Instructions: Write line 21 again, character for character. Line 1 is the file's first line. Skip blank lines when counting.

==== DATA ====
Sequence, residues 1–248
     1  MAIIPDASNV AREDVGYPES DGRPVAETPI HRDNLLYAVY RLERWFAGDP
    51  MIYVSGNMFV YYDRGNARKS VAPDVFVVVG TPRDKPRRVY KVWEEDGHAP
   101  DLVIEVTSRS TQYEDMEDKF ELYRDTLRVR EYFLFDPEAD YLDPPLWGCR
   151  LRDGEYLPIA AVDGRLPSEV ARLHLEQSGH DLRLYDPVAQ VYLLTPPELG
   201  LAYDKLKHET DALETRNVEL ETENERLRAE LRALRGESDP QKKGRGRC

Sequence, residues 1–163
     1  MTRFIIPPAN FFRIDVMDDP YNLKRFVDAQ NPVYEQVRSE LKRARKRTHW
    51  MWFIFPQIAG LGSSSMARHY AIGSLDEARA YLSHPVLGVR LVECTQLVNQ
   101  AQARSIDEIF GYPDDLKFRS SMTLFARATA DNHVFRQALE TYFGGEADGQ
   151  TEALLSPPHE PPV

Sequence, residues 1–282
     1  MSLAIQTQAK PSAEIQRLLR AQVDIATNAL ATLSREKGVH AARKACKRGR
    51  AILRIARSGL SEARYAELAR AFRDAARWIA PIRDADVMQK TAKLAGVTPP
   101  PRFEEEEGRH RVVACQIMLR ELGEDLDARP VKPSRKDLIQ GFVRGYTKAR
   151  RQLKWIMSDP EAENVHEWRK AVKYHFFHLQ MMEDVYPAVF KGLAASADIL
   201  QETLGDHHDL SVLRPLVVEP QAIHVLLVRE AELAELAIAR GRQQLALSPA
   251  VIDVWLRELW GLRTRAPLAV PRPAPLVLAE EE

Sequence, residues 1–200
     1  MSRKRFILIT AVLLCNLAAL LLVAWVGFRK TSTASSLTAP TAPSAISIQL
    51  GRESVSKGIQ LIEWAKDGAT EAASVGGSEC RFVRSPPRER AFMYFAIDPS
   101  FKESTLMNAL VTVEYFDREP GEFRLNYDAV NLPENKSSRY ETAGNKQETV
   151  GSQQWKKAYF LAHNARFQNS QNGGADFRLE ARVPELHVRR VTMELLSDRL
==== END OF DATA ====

    51  GRESVSKGIQ LIEWAKDGAT EAASVGGSEC RFVRSPPRER AFMYFAIDPS